Module title: Script workshop 1

SCQF level: 11:
SCQF credit value: 20.00
ECTS credit value: 10

Module code: SCA11102
Module leader: James Mavor
School School of Arts and Creative Industries
Subject area group: Media and Screen
Prerequisites

There are no pre-requisites for this module to be added

2019/0, Trimester 1, Face-to-Face, Edinburgh Napier University
Occurrence: 001
Primary mode of delivery: Face-to-Face
Location of delivery: MERCHISTON
Partner: Edinburgh Napier University
Member of staff responsible for delivering module: James Mavor
Module Organiser:


Learning, Teaching and Assessment (LTA) Approach:
The workshop’s main purpose is to support the student as they begin to master the screenwriting form, develop craft skills and technique and develop their own talent, ambition and voice. To this end, students develop a number of short projects in the course of 12 weekly workshops. Some of these three hour sessions will be a combination of tutor-led seminar discussion and input from Visiting Lecturers or guest speakers (e.g. a pitching session).

The final assessment is accompanied by a Critical Journal which encourages the student to look back over their creative process and to look forward to their learning goals in the next workshop module, Script Workshop 2. Workshop sessions are interspersed with visits from guest speakers – professional writers, producers and script developers - who will sometimes work alongside the students in set exercises or work-shops to develop specific aspects of the craft, e.g. character, dialogue or pitching. These events may occur out with the timetabled class.

Formative assessment is given throughout by tutors and in peer review. There are two pieces of summative assessment in this module: Portfiolio and Creative and Critical Journal

The portfolio will contain outlines, proposals and scripts designed to mirror the documents commonly used in industrial practice. Weekly exercises are reviewed in class. There is an emphasis on the ability to work to strict deadlines and to present work in a professional manner - a key factor to future employability. (LO’s 1-4). Assessment Feedback sheets give detailed written notes and formative feedback on work in progress. The critical journal is part of an ongoing process throughout the programme to develop the ethos of the Reflective Practitioner. (LO 5).


Formative Assessment:
The University is currently undertaking work to improve the quality of information provided on methods of assessment and feedback. Please refer to the section on Learning and Teaching Approaches above for further information about this module’s learning, teaching and assessment practices, including formative and summative approaches.

Summative Assessment:
The University is currently undertaking work to improve the quality of information provided on methods of assessment and feedback. Please refer to the section on Learning and Teaching Approaches above for further information about this module’s learning, teaching and assessment practices, including formative and summative approaches.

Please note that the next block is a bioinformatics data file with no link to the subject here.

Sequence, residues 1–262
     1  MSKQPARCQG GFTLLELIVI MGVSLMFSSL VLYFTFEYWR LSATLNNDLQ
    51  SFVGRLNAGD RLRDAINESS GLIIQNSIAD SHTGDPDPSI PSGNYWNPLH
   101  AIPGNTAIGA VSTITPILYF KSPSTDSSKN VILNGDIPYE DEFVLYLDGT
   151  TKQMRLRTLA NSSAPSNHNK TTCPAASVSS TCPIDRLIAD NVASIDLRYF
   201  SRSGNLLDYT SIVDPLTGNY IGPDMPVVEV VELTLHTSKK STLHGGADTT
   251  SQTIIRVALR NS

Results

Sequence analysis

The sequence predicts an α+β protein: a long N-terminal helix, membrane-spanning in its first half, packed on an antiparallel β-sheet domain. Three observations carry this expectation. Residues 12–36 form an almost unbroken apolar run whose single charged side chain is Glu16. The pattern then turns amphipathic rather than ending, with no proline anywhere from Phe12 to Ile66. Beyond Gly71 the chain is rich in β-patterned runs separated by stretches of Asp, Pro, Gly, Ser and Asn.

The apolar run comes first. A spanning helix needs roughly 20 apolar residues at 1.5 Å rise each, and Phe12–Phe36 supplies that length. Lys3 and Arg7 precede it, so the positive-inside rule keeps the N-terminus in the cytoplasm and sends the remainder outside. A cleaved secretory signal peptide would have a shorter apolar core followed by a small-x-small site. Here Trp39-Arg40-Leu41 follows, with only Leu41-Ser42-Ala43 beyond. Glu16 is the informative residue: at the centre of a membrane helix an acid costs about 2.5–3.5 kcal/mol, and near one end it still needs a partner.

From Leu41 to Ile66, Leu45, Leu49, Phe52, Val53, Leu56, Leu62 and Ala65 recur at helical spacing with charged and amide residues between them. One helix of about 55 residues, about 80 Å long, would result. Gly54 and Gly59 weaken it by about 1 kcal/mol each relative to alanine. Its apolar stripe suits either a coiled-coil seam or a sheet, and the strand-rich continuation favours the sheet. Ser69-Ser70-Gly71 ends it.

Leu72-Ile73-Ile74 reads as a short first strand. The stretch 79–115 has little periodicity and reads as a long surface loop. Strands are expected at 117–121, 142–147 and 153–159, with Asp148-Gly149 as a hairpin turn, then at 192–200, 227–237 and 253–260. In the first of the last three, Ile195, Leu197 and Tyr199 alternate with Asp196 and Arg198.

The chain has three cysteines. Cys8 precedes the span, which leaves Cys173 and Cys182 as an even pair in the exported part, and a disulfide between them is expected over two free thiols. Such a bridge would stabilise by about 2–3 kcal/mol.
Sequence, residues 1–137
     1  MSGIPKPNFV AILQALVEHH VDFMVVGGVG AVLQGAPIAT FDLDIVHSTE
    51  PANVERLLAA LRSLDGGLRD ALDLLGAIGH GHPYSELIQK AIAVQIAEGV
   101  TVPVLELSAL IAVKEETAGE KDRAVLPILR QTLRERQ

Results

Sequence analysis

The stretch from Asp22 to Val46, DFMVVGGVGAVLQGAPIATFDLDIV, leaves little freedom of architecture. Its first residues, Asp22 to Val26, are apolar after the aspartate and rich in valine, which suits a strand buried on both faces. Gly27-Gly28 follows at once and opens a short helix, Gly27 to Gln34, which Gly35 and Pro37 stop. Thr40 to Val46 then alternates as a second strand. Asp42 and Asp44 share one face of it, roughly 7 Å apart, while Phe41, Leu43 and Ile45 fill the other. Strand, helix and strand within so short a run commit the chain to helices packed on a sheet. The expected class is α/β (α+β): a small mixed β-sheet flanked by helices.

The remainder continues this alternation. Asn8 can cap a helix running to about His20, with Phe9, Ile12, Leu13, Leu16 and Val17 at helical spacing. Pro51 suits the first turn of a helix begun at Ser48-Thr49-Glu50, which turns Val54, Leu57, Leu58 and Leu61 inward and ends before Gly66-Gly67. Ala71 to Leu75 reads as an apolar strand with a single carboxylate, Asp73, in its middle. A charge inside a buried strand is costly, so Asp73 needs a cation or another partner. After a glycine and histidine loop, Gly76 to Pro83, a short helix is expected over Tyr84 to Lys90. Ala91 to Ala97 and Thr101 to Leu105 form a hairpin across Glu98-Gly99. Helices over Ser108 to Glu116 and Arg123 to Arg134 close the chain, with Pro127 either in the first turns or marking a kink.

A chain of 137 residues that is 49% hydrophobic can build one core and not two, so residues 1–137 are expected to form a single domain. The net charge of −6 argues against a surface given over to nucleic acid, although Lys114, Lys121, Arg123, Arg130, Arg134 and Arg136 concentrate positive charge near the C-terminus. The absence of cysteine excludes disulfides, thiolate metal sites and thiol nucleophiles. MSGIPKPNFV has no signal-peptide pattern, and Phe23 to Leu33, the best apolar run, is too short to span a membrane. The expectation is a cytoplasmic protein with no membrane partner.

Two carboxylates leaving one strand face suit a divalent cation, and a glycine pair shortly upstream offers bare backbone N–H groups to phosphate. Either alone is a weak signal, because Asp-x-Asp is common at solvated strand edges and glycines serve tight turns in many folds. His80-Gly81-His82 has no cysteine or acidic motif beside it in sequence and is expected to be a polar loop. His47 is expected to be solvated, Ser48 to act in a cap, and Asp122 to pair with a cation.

Student Activity (Notional Equivalent Study Hours (NESH))
Mode of activityLearning & Teaching ActivityNESH (Study Hours)
Face To Face Practical classes and workshops 36
Independent Learning Guided independent study 162
Face To Face Tutorial 2
Total Study Hours200
Expected Total Study Hours for Module200


Assessment
Type of Assessment Weighting % LOs covered Week due Length in Hours/Words
Project - Written 20 1,2, 4 6 HOURS= 0, WORDS= 0
Project - Written 60 1-5 11 HOURS= 0, WORDS= 0
Report 20 5 13 , WORDS= 1500
Component 1 subtotal: 20
Component 2 subtotal: 80
Module subtotal: 100
2019/0, Trimester 2, Face-to-Face, Edinburgh Napier University
Occurrence: 002
Primary mode of delivery: Face-to-Face
Location of delivery: MERCHISTON
Partner: Edinburgh Napier University
Member of staff responsible for delivering module: James Mavor
Module Organiser:


Learning, Teaching and Assessment (LTA) Approach:
The workshop’s main purpose is to support the student as they begin to master the screenwriting form, develop craft skills and technique and develop their own talent, ambition and ‘voice’.

To this end, students develop a number of short projects in the course of 12 weekly workshops. Some of these three hour sessions will be a combination of tutor-led seminar discussion and input from Visiting Lecturers or guest speakers (e.g. a pitching session).

Students are formed into smaller groups to develop the projects and give peer review. This process is carried on beyond the weekly workshop by email, Virtual Learning Environment and Facebook.

The process is structured to deliver the LO’s: the initial selection of the project encourages self-reflective and critical skills, the project is developed in collaboration with fellow students and various drafts develop the student’s critical and analytical and contextual intellectual skills.

The final assessment is accompanied by a Critical Journal which encourages the student to look back over their creative process and to look forward to their learning goals in the next workshop module, Script Workshop 2.

Occasionally, the workshop sessions are interspersed with visits from guest speakers – professional writers, producers and script developers - who will sometimes work alongside the students in set exercises or work-shops to develop specific aspects of the craft, e.g. character, dialogue or pitching. These events may occur out with the timetabled class.